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Photo: KANO Tatsuhiko

An ingredient appreciated by drinkers. It is said to be good for the liver and has achieved overnight fame thanks to the healthy diet trend in recent years. In standard Japanese, it is called ukon. With a unique flavor, it is indispensable in India as a spice for curries; in other words, turmeric.
 The dictionary defines it as “a perennial plant in the ginger family.” It certainly looks like yellow ginger. It’s brewed to make tea or ground and sold in powder, but some brave souls eat it raw. I myself once witnessed such a scene, about five years ago.
 It was at a local shrine in Shuri. The drunk man must have spent the night under the eaves of the household managed by a kaminchu1. He noticed me, just visiting to take photographs, and got up. While I was looking at him, thinking he was going to move out of the way, he pulled an utchin out of the neatly maintained garden, washed it with the water from the well, and started munching.  
 “You know, for a hangover, this (raw utchin) is the best. Want one?”
 He kindly invited me to try, but afraid of the poisoning by blasphemy and food, I politely declined.

Later, I researched how utchin was used in Okinawa; people brewed it to drink, grated and mixed it into soups, sautéed it with pork, or even “ate it raw” in some places to treat hangovers, stomachaches, tuberculosis, and asthma. That drunk man was right.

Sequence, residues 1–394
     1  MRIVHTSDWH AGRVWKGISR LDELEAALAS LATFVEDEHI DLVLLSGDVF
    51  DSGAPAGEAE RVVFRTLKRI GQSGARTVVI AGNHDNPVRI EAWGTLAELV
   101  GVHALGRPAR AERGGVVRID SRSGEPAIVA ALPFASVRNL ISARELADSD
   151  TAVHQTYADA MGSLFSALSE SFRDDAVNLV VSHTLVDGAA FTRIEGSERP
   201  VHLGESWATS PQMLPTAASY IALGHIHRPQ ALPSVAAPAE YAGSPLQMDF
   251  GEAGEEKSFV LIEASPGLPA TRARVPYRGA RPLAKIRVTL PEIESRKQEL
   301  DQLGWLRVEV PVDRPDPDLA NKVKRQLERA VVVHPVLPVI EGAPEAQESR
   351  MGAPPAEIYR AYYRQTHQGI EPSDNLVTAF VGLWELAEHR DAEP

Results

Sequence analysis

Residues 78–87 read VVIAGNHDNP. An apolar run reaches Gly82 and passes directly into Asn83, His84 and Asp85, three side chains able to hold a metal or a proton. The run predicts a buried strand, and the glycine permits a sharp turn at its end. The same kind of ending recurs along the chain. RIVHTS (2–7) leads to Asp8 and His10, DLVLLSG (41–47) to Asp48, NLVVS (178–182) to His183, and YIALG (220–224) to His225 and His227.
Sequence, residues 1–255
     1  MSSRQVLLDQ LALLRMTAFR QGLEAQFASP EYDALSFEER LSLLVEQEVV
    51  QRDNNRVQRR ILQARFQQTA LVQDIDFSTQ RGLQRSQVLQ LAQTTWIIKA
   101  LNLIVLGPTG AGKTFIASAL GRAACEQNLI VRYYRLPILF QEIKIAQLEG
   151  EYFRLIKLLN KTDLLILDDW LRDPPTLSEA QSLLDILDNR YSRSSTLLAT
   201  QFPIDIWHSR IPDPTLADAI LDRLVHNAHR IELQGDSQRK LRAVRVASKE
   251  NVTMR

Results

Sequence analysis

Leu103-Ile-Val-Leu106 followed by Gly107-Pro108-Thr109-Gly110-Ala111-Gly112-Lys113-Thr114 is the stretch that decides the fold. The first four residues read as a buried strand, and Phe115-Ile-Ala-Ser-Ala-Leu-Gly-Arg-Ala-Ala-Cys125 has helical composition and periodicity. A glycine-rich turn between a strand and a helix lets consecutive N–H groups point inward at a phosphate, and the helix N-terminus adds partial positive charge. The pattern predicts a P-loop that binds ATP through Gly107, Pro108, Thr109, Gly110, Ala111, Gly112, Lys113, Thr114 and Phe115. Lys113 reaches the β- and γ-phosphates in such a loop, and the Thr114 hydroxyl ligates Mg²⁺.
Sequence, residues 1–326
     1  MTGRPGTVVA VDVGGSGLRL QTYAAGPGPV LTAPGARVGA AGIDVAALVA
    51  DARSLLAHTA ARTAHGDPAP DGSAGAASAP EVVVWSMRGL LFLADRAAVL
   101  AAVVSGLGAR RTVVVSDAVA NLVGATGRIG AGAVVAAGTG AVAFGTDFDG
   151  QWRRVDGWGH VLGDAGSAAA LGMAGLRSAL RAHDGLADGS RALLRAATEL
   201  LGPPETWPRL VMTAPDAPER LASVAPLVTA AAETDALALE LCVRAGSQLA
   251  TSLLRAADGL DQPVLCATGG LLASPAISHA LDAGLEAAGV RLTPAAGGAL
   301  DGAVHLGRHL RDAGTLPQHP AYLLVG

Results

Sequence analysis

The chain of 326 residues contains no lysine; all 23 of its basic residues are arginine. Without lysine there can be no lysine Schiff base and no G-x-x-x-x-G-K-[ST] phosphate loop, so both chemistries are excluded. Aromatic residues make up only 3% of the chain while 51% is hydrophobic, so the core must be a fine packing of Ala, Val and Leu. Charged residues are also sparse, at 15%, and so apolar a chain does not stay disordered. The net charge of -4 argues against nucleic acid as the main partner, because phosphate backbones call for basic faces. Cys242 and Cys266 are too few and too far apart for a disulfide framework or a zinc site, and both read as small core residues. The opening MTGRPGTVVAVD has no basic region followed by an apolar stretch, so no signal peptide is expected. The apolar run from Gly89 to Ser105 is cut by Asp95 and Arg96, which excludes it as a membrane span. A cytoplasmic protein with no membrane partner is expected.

Although utchin was used for medicinal purposes throughout the prefecture in the past, it seemed not to have been so common. After the Satsuma invasion of the Ryukyu kingdom (1609), the Shimazu government placed utchin, just like sugar, under their monopoly. They transported it to Sakai in Osaka to sell it as medicine and dye for a high price with which they apparently made a fortune. Consequently, the common people could no longer use it as they wished. They may have used it in secret, behind the back of the authorities, however, with the spread of new medicines in the four centuries that followed, its existence became slowly forgotten.

It came into the limelight again in the 90s. Processed in various ways, it is also exported to other prefectures. It regained popularity as a healthy tea in Okinawa as well. Especially around Matsuyama in Naha, where all kinds of drinking establishments from sex shops to high-class hostess clubs gather with older clientele, many shops stock utchin tea. They use it to dilute awamori. It prevents hangovers (so they say). Won’t the flavor of awamori disappear…?  
 My ojii2 used to drink just one 3 of kūsu4 straight with a glass of water as a chaser, every night until he died at age 85. I prefer this style. For that, I think I can put up with munching on a raw utchin the next morning. 

Editor’s Note:

  1. A priestess in the religion of Okinawa.
  2. Grandfather.
  3. 180 ml.
  4. Aged awamori.